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UBC Theses and Dissertations

Fiber reinforced concrete : characterization of flexural toughness & some studies on fiber-matrix bond-slip interaction Dube, Āśīsha

Abstract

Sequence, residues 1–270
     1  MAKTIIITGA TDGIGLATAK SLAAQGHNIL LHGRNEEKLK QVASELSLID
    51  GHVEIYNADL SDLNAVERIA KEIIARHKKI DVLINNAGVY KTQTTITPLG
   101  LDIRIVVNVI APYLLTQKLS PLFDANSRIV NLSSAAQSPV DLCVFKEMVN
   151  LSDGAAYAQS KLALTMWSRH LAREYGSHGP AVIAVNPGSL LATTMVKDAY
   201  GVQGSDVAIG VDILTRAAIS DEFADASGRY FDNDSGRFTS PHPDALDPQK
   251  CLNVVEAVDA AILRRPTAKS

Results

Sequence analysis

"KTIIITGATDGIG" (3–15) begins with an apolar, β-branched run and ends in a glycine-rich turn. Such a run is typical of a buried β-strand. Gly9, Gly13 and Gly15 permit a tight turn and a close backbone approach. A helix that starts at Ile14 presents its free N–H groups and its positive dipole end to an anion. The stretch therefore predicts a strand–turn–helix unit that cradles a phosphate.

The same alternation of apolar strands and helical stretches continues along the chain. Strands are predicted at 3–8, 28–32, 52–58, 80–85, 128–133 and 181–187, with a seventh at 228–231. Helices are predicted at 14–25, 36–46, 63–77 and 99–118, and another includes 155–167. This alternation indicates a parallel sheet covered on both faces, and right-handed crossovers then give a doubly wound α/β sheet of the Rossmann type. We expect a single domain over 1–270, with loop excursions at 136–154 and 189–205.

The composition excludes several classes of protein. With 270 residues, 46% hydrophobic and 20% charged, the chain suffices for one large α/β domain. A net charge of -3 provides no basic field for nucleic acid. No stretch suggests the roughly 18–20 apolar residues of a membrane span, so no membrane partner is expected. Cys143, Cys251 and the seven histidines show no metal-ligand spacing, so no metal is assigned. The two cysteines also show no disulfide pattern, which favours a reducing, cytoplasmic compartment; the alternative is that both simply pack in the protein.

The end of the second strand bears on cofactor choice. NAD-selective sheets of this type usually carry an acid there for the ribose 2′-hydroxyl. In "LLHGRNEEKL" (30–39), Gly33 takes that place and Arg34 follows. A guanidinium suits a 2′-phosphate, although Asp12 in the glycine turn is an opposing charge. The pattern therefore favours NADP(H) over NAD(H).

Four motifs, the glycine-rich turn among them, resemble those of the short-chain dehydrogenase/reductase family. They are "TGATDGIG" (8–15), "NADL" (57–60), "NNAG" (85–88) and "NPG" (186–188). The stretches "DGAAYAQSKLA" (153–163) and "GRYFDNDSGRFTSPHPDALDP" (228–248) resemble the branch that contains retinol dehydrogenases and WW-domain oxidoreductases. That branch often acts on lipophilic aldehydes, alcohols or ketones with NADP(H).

A chiral HPLC assay for the separation of the four stereoisomers of labetalol in biological fluids was developed. The limit of detection of the individual isomers was 0.15 ng (0.6 ng of injected racemic labetalol). In maternal plasma the concentration of the RR isomer was 25±12% higher than those of the SR, SS and RS isomers throughout the infusion and post infusion period. The RR isomer had the lowest steady-state clearance (50.93±4.64 mL/min/kg) and the longest half-life (5.60±0.86 h). Ofthe 280 mg of labetalol administered, 11.04±2.76 mg was excreted as unconjugated while 65.84±7.19 mg was excreted as glucuronide conjugate. Approximately 32% of the unconjugated labetalol was in the form of the RR isomer compared to 19% for the other isomers. In fetal plasma, the concentration of the RR isomer (24 ± 5 ng/mL at steady-state) was 50% higher than that ofthe SR (11.00±2.38 ng/mL), SS(13.02±3.04 ng/mL) and RS(12.05±2.85 ng/mL) isomers throughout the infusion and post-infusion period, while the concentration of the SR isomer was consistently lower over the same interval. The terminal elimination half-life (t)/2) and the mean residence time (MRT) ofthe RR isomer were 13.07 ± 4.02 h, and 17.19 ± 5.63 h, respectively. Labetalol fetal infusion studies were performed in four chronically instrumented pregnant ewes. In fetal plasma, the concentration of the RR isomer at steady-state was 51.22 ± 4.55 ng/mL, which was significantly higher than the other three isomers ([SR]- 30.33 ± 3.41 ng/mL, [SS]= 33.70 ± 3.22 ng/mL, [RS]=34.93 ± 2.75). The terminal elimination half-life (ti/2) of the RR isomer was 8.62 ± 2.85 li, which was significantly lower than that obtained following maternal infusion of labetalol. Ofthe 9,400 ug of labetalol administered, 73.79 ± 9.64 mg (0.80 + One major problem associated with the testing of fiber reinforced concrete specimens under flexural loading is that the measured post-cracking response is severely affected by the stiffness of the testing machine. As a consequence, misleading results are obtained when such a flexural response is used for the characterization of composite toughness. Unfortunately, many existing standards allow the use of such a flexural response for toughness characterization. As a part of this research program, assessment of a new toughness characterization technique termed the Residual Strength Test Method (RSTM) has been made. In this technique, a stable narrow crack is first created in the specimen by applying a flexural load in parallel with a steel plate under controlled conditions. The plate is then removed, and the specimen is tested in a routine manner in flexure to obtain the post-crack load versus displacement response. Flexural response for a variety of fiber reinforced cementitious composites obtained using the Residual Strength Test Method has been found to correlate very well with those obtained with relatively stiffer test configurations such as closed-loop test machines. A good agreement between the flexural response obtained from the aforementioned methods seems to validate the Residual Strength Test Method. This method is simple, and can be carried out easily in any commercial laboratory equipped with a test machine with low stiffness. The Residual Strength Test Method is found to be effective in differentiating between different fiber types, fiber lengths, fiber configurations, fiber volume fractions, fiber geometries and fiber moduli. In particular, the technique has been found to be extremely useful for testing cement-based composites containing fibers ait very low dosages (< 0.5% by volume). As another major objective of this research program, an analytical model based on shear lag theory is introduced to study the problem of fiber pullout in fiber reinforced composites. The proposed model eliminates limitations of many earlier models and captures essential features of pullout process, including progressive interfacial debonding, Poisson's effect, and variation in interfacial properties during the fiber pullout process. Interfacial debonding is modeled using an interfacial shear strength criterion. Influence of normal contact stress at the fiber-matrix interface is considered using shrink-fit theory, and the interfacial frictional shear stress over the debonded interface is modeled using Coulomb's Law. Stresses required to cause initial, partial and complete debonding of the fiber-matrix interface are analyzed, and closed form solutions are derived to predict the complete fiber pullout response. Analysis shows that the initial debonding stress strongly depends upon fiber length and fiber elastic modulus. The process of interfacial debonding turns catastrophic at the instant the fiber pullout stress begins to drop with an increase in debond length. This condition is satisfied when the difference between the change in the frictional component and the adhesional component of pullout stress occurring due to increase in debond length equals to zero. The magnitude of interfacial frictional shear stress along the embedded fiber length is found to vary as a result of the Poisson's contraction of the fiber. Moreover, Poisson's effect manifests itself in the form of a non-linear relationship between the peak pullout stress versus embedded fiber length plot. Based on energy considerations, an analytical solution is derived to compute the interfacial coefficient of friction. This solution depicts the dependence of the interfacial coefficient of friction on fiber pullout distance. For both steel and polypropylene fibers, interfacial coefficient of friction is found to decrease exponentially with increase in pullout distance. Matrix wear resulting from fiber pullout appears to be responsible for the aforementioned physical phenomena. Parametric studies are carried out to investigate the influence of fiber-matrix interfacial properties (adhesional bond shear strength, normal contact stress and coefficient of friction) and elastic modulus of the fiber. Results suggest that for a given set of interfacial properties, initial debonding stress, maximum pullout stress, stability of debonding process, catastrophic debond length, interfacial shear stress distribution, and overall pullout response significantly depend upon the elastic modulus of the fiber. Given the fiber elastic modulus, recommendations are made as to how efficiency of fiber in pullout may be improved by modifying different interfacial properties..